The Reverend Kathleen O’Toole Peters is a retired UCC clergywoman who divides her time between CT and Florida, is a grateful and joyful member of the First Congregational Church in Southington, Connecticut and an associate member of First Christian Church (Disciples of Christ) in Wildwood, Florida. In retirement she clowns around as her clown persona SweetCakes, volunteers as a chaplain and fundraiser for a local soup kitchen and pantry, and travels to be Nana to her granddaughter in California!
Scripture: Exodus 17:1-7 (NRSVU)
From the wilderness of Sin the whole congregation of the Israelites journeyed by stages, as the Lord commanded. They camped at Rephidim, but there was no water for the people to drink. 2 The people quarreled with Moses and said, “Give us water to drink.” Moses said to them, “Why do you quarrel with me? Why do you test the Lord?” 3 But the people thirsted there for water, and the people complained against Moses and said, “Why did you bring us out of Egypt, to kill us and our children and livestock with thirst?” 4 So Moses cried out to the Lord, “What shall I do for this people? They are almost ready to stone me.” 5 The Lord said to Moses, “Go on ahead of the people and take some of the elders of Israel with you; take in your hand the staff with which you struck the Nile and go. 6 I will be standing there in front of you on the rock at Horeb. Strike the rock, and water will come out of it, so that the people may drink.” Moses did so, in the sight of the elders of Israel. 7 He called the place Massah and Meribah, because the Israelites quarreled and tested the Lord, saying, “Is the Lord among us or not?”
Reflection: Is God among us or not?
Are we there yet? I'm hungry! I'm thirsty! She's touching me! He's looking at me funny! Any parent (or childhood memory!) knows that the cliche is true: road trips are hard. Even with iPads and movie screens in our vehicles, the whining comes.
Moses and God knew whining and boredom and distrust to the extreme during the 40 years the Israelites wandered in the desert. Even with the prospect of an exciting journey, the people/children soon want the assuredness of their known life; and the perils, uncertainty and discomfort of the road can become just too much. "It would have been better for us to serve the Egyptians than to die in the wilderness.” (Exodus 14:12b NRSVU) Back seat whining is usually a bit less dramatic, but the point is often the same. This trip is taking too long, it is too hard, and it is not going exactly as we want it to go.
In our own life's journeys as well, how often are we tempted to whine to God and demand to know when we are going to get "there," is it all going to go according to our plan and why do we need to suffer so much uncertainty and discomfort! We too can be tempted to ask: are you with me God or not? And we like the Israelites, especially when things are not going our way, can tend to forget God's abundant care and all the times in our lives when God's loving presence was beyond evident.
When this reflection is released, I will be on the Isle of Iona, Scotland, on my first ever pilgrimage. Our group's preparation has taught me that there is a difference between traveling and pilgrimage. Simply put, traveling often involves making sure one gets to and checks off all of the important sites on the journey (or on life's journey!). Pilgrimage focuses on the journey itself, letting go of trying to orchestrate/control the destination and most importantly a heightened openness to the presence of God in our very being. I often "travel" through life when I might be better served by leaning more towards "pilgrimage."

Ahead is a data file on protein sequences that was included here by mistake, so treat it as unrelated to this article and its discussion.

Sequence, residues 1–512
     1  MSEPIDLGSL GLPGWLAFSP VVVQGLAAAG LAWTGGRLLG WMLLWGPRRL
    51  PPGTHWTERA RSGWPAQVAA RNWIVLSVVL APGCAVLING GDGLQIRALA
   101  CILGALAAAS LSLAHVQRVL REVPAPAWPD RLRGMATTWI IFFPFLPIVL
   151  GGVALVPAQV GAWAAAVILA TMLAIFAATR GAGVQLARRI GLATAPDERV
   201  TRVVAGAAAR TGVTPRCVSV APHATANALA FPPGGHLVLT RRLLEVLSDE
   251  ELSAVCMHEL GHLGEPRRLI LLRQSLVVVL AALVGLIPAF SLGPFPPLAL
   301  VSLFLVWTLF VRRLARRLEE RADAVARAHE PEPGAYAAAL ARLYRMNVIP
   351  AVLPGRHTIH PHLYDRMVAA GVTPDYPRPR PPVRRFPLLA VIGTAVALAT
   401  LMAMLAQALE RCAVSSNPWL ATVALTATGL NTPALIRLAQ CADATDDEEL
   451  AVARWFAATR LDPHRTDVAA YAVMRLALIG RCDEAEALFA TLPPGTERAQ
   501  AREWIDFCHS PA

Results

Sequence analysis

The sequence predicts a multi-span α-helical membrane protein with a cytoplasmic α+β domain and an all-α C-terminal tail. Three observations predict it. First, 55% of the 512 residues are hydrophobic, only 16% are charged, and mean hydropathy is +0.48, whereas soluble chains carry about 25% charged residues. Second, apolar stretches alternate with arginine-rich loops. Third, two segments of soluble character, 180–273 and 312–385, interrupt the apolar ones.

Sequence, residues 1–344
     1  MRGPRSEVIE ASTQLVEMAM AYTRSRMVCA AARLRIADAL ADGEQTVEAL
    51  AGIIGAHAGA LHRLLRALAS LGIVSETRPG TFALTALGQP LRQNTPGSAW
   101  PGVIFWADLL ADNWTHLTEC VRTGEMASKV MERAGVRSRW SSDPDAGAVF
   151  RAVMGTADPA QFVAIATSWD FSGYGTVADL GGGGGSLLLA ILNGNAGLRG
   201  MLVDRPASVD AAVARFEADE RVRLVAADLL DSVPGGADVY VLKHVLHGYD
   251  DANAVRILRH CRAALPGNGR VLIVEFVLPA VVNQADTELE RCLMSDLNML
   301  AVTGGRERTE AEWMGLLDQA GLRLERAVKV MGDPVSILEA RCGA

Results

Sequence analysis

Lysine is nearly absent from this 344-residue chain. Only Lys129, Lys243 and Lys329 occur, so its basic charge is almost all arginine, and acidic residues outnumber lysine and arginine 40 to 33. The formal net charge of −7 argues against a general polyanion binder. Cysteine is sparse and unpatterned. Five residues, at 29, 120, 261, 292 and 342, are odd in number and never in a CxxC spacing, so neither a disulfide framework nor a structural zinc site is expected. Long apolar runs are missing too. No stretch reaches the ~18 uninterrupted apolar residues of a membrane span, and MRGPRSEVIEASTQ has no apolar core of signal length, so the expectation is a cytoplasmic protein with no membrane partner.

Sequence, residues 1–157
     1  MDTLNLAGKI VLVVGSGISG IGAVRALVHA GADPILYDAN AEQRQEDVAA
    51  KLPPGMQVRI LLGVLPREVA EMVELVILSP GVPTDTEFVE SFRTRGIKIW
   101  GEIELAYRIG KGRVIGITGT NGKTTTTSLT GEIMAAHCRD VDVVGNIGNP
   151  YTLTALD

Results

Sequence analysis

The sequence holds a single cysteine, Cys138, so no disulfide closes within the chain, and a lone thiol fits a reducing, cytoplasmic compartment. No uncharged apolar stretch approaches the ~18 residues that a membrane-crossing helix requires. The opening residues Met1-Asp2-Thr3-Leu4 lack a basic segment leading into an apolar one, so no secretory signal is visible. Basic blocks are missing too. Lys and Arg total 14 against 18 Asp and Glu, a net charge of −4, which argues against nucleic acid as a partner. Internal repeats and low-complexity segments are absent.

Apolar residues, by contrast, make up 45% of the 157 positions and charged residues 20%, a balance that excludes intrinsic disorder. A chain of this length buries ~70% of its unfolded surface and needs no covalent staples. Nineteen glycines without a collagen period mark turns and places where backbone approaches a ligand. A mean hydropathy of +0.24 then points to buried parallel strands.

A life's journey is hopefully a very long road trip with lots of travel sites as well as pilgrimage moments.
Even if we do not "believe" in a micromanaging God, in moments of uncertainty and pain, we can call on our God to "make it all better." God knows that human part of us and hears that prayer. No prayer is wrong, yet the pilgrimage prayer song that echoes in my heart comes from the Rolling Stones: "You can't always get what you want. You can't always get what you want. But if you try sometime, you'll find...You get what you need!"
God is indeed among us always if we dare to be open and to trust that God walks with us always providing us with what we need.
Holy One, open us each day to be more present to you and to what we are seeing, hearing, feeling and experiencing without moving so quickly to control the destination or check off the "sites." Open us to see the daily reminders of your love for us. Help us to trust in your care and your hopes for us and to live with some uncertainty so that we might dare to grow closer to you and see more clearly who we truly are and whom you have created us to be! Amen.
New Prayer Requests:
We ask churches and church leaders to join us in the following prayers either by sharing them during worship, printing them in bulletins, or sharing them in some other way. To make a prayer request, please contact Marlene Gasdia-Cochrane at email@example.com.
Prayers of Intercession:
- For the people of Ukraine whose lives continue to be shattered by war, as well as the many landscapes that are currently embroiled in conflicts.
- For those grieving or suffering due to the ~32,200 gun violence deaths that happened in the US since the start of the year.
- For those suffering from climate-related events.
- For all those who are suffering with dementia and for their caregivers
Prayers of Joy and Thanksgiving:
This Week in History:
October 2, 1967 (56 years ago): Thurgood Marshall, the architect and executor of the legal strategy that ended the era of official racial segregation, was sworn in as the first Black Supreme Court justice [History]
“Study the past if you would define the future.”